DJs today are confronted with an astonishing number of choices, from vinyl to digital media, controllers, mixers, and the unending stream of more music being released for consumption than at any time in history.
It’s all a bit overwhelming. We thought we’d create a new space, called How I Play, in which we talk to DJs about the one thing that isn’t a matter of “choice”: the culture of DJing itself.
This month we feature dance music legend Joey Negro. Joey is currently on a tour of the United States, and for his American fans (many of whom have never seen him play) this is nothing short of a miracle. We all know his productions under a ridiculous number of aliases – Sunburst Band, Mistura, Akabu, Sessomatto, Jakata & Hed Boys to name just a few. But what do we really know about his DJing?
Two years ago we did an interview and spoke quite a bit about the art of DJing… I don’t think I ever asked you if there was someone who inspired you when you were younger?
One of the best things I remember hearing mix-wise that impressed me was a West End Mastermix with Tony Humphries in, like, 1982/1983. I hadn’t heard of most of the records in the mix. And then over the course of the next five years I bought all the individual records, and I always used the best bits of the records in the mix. That was one of the times I’ve been really impressed by mixing.
You know what annoys me is when DJs mess around with the records too much. I don’t want to hear people scratching and doing all these things. I try not to mess around with the records too much but if I do that I’ll do it in the studio before I get to the gig. While playing around with the record can be exciting with the right kind of music, I think there’s a thin line. One man’s over-EQing can be another man’s working it and giving the audience some excitement and creativity. Some people just get so carried away with what they’re doing. Sometimes it’s a Stevie Wonder record. Do you really think you can improve it by dropping out the bass in the middle? I hear some DJs doing that and, God, they’ve just ruined that record for me, but people seem to like the fact that the DJ’s “doing something”.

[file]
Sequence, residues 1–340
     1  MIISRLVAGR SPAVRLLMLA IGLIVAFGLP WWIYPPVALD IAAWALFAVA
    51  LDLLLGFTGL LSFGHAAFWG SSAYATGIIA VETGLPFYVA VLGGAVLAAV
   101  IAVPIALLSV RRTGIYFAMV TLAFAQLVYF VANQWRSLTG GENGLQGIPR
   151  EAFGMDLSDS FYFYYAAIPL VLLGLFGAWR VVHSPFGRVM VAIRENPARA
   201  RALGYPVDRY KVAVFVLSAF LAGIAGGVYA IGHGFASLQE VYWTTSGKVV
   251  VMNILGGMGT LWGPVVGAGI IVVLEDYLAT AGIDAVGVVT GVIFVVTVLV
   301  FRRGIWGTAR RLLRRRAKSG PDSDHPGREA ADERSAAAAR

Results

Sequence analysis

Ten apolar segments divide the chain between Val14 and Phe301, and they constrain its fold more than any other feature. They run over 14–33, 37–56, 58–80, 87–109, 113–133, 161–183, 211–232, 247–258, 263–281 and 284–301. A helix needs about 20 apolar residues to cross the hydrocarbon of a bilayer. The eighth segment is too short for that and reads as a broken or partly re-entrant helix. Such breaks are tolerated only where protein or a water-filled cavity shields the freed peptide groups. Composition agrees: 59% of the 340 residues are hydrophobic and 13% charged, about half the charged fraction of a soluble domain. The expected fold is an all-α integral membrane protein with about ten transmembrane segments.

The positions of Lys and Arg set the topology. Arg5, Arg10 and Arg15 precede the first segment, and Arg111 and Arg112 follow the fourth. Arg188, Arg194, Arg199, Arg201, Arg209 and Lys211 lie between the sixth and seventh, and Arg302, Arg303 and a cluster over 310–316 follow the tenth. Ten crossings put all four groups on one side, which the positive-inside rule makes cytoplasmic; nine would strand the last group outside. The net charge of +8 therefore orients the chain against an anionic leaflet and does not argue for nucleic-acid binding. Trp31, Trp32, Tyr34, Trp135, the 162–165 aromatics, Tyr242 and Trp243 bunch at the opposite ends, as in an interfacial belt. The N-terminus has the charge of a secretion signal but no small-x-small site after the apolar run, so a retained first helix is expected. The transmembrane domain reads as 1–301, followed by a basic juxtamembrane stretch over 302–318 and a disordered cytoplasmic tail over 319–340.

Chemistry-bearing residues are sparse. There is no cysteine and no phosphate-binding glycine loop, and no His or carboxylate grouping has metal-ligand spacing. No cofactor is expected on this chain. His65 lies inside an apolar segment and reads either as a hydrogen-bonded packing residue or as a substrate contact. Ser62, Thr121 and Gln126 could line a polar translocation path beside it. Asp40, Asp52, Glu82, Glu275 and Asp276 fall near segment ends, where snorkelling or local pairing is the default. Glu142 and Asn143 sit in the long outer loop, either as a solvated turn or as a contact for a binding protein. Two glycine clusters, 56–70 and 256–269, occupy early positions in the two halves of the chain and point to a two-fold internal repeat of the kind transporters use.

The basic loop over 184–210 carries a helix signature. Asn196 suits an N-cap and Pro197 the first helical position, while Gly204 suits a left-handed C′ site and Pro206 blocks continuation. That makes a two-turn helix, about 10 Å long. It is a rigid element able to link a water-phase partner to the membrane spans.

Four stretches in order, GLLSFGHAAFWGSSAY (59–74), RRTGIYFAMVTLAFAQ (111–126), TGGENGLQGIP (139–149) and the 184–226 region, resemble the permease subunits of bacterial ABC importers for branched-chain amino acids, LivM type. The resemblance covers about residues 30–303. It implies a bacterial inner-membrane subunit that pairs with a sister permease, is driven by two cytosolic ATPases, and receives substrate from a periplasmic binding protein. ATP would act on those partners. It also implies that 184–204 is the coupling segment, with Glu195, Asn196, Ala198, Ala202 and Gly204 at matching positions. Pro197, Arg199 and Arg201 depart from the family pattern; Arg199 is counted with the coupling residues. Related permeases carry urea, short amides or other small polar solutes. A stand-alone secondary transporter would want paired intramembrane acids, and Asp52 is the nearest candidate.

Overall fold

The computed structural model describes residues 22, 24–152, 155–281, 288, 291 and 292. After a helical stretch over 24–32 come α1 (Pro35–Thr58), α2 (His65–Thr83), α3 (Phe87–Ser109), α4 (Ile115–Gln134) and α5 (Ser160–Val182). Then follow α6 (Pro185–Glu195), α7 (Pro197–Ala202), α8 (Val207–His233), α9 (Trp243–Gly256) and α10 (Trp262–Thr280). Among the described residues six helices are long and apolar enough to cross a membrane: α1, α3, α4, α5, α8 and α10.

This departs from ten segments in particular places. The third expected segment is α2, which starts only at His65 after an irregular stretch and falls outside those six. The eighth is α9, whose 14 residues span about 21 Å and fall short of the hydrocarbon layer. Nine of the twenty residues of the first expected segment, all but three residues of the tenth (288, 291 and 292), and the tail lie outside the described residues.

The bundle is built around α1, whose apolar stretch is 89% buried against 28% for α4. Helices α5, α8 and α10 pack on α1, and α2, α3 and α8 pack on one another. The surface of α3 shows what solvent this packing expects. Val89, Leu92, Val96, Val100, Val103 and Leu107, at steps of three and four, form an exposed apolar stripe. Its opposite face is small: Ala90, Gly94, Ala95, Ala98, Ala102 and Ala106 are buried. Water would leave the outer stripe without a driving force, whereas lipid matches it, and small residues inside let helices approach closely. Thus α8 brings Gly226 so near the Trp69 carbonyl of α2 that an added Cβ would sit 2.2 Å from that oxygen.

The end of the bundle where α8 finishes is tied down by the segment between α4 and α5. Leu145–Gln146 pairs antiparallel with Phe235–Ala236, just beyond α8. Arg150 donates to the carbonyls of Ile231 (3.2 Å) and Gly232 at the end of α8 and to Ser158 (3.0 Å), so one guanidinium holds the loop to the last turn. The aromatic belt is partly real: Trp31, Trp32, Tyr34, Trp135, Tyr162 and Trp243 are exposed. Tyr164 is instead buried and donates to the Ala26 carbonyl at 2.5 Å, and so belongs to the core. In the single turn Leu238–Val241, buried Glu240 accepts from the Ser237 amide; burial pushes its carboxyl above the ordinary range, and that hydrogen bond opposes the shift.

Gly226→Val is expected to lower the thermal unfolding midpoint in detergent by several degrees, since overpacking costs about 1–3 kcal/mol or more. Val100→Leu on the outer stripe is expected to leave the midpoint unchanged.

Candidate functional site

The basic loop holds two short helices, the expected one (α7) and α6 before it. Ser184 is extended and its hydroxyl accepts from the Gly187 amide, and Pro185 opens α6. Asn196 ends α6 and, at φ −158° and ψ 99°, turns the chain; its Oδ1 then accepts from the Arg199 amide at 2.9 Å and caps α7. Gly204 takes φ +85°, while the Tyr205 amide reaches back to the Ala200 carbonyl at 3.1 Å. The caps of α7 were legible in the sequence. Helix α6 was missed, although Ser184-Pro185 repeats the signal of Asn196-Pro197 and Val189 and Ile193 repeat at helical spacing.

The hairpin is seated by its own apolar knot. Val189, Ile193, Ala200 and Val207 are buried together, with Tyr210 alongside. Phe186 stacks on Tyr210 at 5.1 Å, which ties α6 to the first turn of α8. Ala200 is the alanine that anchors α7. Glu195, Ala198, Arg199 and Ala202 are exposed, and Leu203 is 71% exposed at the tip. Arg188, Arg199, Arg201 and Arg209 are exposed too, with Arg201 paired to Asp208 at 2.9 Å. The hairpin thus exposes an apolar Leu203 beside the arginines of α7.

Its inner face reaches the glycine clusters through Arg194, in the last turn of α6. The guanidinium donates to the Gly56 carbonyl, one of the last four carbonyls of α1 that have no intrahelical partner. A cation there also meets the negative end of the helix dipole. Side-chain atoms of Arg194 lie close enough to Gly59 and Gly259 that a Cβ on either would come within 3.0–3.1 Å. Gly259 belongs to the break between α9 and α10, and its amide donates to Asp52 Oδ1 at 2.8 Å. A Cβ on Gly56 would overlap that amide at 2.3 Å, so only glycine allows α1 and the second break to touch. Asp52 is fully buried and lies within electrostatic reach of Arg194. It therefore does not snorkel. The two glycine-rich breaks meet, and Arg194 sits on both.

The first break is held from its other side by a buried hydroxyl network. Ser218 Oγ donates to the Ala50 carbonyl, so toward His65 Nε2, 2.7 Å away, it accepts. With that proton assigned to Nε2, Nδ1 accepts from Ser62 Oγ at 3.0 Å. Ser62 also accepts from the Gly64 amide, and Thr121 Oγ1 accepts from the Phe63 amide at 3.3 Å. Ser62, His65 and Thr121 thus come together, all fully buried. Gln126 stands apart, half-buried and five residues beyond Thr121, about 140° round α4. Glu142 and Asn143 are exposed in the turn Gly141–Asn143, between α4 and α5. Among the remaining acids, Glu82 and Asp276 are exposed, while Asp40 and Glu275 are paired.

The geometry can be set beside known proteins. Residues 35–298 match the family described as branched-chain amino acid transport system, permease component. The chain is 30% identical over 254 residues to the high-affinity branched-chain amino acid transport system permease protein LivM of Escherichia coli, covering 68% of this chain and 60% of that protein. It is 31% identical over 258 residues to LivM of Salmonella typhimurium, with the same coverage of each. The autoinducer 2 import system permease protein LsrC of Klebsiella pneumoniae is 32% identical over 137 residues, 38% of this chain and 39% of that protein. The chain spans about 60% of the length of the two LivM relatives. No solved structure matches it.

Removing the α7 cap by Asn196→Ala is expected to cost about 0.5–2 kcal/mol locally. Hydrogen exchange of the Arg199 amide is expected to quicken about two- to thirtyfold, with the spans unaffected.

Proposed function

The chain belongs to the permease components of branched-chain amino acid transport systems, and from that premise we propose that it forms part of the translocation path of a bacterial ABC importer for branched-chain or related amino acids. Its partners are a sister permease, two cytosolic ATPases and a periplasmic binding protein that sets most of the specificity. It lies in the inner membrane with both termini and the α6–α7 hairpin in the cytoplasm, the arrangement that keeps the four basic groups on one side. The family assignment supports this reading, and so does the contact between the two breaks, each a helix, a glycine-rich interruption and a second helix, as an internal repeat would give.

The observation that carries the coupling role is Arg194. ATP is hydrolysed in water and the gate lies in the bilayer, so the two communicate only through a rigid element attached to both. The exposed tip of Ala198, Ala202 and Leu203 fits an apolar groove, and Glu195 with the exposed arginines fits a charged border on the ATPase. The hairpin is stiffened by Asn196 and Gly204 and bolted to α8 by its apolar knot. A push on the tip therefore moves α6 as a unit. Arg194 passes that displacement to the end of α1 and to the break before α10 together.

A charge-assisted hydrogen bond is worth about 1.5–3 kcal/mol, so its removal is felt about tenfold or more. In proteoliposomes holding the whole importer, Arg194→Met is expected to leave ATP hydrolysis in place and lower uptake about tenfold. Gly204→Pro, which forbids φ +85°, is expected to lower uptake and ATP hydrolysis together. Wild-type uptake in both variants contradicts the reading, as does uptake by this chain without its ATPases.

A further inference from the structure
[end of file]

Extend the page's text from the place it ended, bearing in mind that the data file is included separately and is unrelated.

I don’t think I’ve ever heard anyone and said, “That’s exactly what I want to sound like.” But there were some DJs where I was growing up that I noticed when I was going to some all-nighters. It’s like 4am and everyone’s gone home and there’s only 30 people left on the dancefloor – it was those records which I found sometimes more inspiring than the ones played when the dancefloor was full. When the dancefloor is full people tend to have to play more crowd-pleasing records.
When the DJ is playing what he actually wants to play and it’s just a few people there that are really into the music… To me this is the most important part of the evening.
How do you find new music? Are you constantly digging through your old records? What’s the method to your song selection?
It’s a terrible thing to say, but I get so many promos and I only occasionally look at them. But I’m better off listening to 3 hours of music I might actually like on Traxsource, Juno, Beatport than 3 hours on promos. I also listen to music on Discogs, Ebay and YouTube – I listen to a lot of old music that way. Sometimes I’m just looking for new or old records and sometimes I’ll listen to something like Gilles Peterson, and then maybe I’ll listen to music that friends send me. I mean a lot of it isn’t even stuff I play when I DJ – it’s just new music. 20% of it is stuff I might play and the rest are just new tunes that are slow, jazzy things… Unless I DJ at a bar from 6 o’clock in the evening until 3pm in the afternoon, it’s not stuff you can play at a club.